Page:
Enhanced Opportunities. NATO has repeatedly and at various levels expressed its unequivocal support for Ukraine in its conflict with Russia. After 2014, there was a considerable intensification of cooperation between Ukraine and NATO. This was also reflected in the formal dimension: the NATO-Ukraine Strategic Communications Partnership Roadmap was adopted in 2015, and the Comprehensive Assistance Package for Ukraine at the Warsaw summit in 2016. Earlier, at the Welsh summit in Newport in 2014, based on the assumption that interoperability is crucial to the effectiveness of NATO’s cooperation with partners, the Partnership Interoperability Initiative was launched. Extended Opportunities Partner status is part of this and it provides opportunities for deepened cooperation. This status is certainly a success for Ukraine and a tribute to its efforts. However, it is not a guarantee, or even an announcement, of membership in NATO. In October 2019, during his visit to Kyiv, Jens Stoltenberg noted that “NATO’s door remains open,” but that “the road to membership is not easy.” The unprecedented scale of cooperation has not eliminated numerous problems that hinder the rapprochement between NATO and Ukraine.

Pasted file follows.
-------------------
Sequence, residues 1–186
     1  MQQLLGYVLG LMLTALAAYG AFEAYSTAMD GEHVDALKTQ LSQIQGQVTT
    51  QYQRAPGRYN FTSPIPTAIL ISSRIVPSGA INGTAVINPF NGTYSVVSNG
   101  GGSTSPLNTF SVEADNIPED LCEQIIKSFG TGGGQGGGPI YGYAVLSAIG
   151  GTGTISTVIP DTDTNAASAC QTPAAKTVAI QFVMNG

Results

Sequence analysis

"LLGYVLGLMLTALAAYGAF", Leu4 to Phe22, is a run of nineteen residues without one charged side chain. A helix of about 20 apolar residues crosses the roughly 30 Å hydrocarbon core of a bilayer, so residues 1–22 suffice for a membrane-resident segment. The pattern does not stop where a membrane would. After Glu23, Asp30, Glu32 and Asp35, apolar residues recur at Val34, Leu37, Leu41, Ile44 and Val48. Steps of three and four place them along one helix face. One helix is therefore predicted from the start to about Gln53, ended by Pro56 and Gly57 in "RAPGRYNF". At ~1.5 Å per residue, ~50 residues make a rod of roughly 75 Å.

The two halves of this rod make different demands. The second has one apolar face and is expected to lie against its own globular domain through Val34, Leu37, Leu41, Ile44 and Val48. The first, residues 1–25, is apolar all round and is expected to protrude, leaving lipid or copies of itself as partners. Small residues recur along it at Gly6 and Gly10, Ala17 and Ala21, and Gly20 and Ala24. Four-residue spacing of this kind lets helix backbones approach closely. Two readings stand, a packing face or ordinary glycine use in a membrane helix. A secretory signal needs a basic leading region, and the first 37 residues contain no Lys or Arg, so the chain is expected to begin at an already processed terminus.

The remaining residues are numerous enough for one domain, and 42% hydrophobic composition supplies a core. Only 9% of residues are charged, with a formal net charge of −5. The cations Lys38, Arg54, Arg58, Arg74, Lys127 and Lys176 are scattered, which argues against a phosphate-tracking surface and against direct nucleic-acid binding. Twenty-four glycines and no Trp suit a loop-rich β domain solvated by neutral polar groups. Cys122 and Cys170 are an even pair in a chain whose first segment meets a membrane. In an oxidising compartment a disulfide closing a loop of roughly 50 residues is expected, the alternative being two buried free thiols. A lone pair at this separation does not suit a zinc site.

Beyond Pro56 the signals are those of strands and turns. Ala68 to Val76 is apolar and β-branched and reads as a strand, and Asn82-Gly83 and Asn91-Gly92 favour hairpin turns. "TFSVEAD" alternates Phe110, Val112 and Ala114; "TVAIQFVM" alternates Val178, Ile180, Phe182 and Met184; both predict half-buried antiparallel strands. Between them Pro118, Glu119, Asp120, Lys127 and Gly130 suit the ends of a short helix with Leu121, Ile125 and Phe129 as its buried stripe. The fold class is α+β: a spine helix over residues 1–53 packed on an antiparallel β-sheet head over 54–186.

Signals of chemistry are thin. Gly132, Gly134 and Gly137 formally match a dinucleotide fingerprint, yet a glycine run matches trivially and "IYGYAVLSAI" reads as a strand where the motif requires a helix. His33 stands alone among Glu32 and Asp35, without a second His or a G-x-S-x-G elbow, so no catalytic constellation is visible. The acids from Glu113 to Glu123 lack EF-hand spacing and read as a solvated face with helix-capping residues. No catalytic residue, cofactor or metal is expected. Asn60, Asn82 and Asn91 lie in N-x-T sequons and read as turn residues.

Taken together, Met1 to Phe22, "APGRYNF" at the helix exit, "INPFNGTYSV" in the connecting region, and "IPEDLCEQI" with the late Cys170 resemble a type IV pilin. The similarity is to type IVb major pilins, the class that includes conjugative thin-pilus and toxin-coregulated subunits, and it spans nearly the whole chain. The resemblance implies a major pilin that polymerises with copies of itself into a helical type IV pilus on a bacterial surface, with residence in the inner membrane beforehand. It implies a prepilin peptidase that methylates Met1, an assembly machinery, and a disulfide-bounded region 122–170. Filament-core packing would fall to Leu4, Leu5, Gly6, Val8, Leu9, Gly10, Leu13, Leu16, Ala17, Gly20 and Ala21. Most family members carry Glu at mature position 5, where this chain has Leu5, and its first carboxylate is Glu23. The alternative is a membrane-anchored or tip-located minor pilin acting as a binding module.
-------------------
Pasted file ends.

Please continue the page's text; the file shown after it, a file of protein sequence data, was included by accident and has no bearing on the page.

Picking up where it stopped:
Ukrainian problems. In the 1990s, the young Ukrainian state tried to settle down, adapt to the post-Cold War turbulence and find its place in the new security environment and the international arena. In the field of foreign and security policy, the so-called multi-vector attitude was chosen; taking into account the degree of Russification and Sovietization of Ukraine’s political elite and the general situation of the state, this was not a surprise. Despite this ambivalence, as early as 2002, President Leonid Kuchma declared that Ukraine would strive to join NATO. After 2004’s Orange Revolution, President Viktor Yushchenko reaffirmed this declaration, and in 2008 Ukraine applied for a Membership Action Plan, which usually leads to a country’s admission to NATO. Despite the safeguard that the decision to join any military alliance would be made only after a nationwide referendum, there was a violent political dispute in Ukraine anyway, and the MAP, which was ultimately not granted to Ukraine, became one of the axes of the Ukrainian political discourse. In 2010, the new president, Viktor Yanukovych, announced that NATO membership was out of the question for Ukraine and there were no plans for it. But four years later, his successor, Petro Poroshenko, rejected the concept of non-aligned status; and after the parliamentary elections, the new government declared NATO accession to be a priority. In 2017, this was confirmed by the Verkhovna Rada of Ukraine, and then by another president, Volodymyr Zelensky. In 2018 the constitution was amended to reflect this. The political swings and the nature of Ukraine’s political culture have also meant that the numerous cooperation programs with NATO have not been treated as strategic opportunities for the Ukrainian state, but as elements of current politics and immediate benefits. This is also noticeable at the level of individual behavior: often cooperation and joint ventures with NATO are treated primarily as opportunities to gain tangible profit.